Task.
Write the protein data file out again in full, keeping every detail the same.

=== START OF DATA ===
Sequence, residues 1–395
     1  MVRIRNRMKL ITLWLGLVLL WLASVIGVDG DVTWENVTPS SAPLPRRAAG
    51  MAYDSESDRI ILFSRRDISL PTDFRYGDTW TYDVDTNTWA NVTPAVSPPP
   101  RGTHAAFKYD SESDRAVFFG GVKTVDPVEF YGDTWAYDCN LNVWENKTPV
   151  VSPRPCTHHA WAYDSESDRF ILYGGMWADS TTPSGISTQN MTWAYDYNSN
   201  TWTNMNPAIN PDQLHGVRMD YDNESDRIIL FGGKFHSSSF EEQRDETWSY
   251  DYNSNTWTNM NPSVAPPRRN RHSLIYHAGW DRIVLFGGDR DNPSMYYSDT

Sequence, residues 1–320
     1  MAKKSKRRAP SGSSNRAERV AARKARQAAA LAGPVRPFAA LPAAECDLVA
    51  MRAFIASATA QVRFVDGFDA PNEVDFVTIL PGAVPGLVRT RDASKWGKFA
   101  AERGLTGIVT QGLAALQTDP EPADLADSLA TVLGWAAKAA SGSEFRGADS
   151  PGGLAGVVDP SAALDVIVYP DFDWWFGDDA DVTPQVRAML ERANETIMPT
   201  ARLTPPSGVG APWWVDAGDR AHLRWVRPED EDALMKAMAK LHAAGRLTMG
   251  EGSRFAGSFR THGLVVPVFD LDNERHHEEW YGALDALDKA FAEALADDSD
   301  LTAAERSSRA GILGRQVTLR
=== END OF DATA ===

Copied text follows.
Sequence, residues 1–395
     1  MVRIRNRMKL ITLWLGLVLL WLASVIGVDG DVTWENVTPS SAPLPRRAAG
    51  MAYDSESDRI ILFSRRDISL PTDFRYGDTW TYDVDTNTWA NVTPAVSPPP
   101  RGTHAAFKYD SESDRAVFFG GVKTVDPVEF YGDTWAYDCN LNVWENKTPV
   151  VSPRPCTHHA WAYDSESDRF ILYGGMWADS TTPSGISTQN MTWAYDYNSN
   201  TWTNMNPAIN PDQLHGVRMD YDNESDRIIL FGGKFHSSSF EEQRDETWSY
   251  DYNSNTWTNM NPSVAPPRRN RHSLIYHAGW DRIVLFGGDR DNPSMYYSDT

Sequence, residues 1–320
     1  MAKKSKRRAP SGSSNRAERV AARKARQAAA LAGPVRPFAA LPAAECDLVA
    51  MRAFIASATA QVRFVDGFDA PNEVDFVTIL PGAVPGLVRT RDASKWGKFA
   101  AERGLTGIVT QGLAALQTDP EPADLADSLA TVLGWAAKAA SGSEFRGADS
   151  PGGLAGVVDP SAALDVIVYP DFDWWFGDDA DVTPQVRAML ERANETIMPT
   201  ARLTPPSGVG APWWVDAGDR AHLRWVRPED EDALMKAMAK LHAAGRLTMG
   251  EGSRFAGSFR THGLVVPVFD LDNERHHEEW YGALDALDKA FAEALADDSD
   301  LTAAERSSRA GILGRQVTLR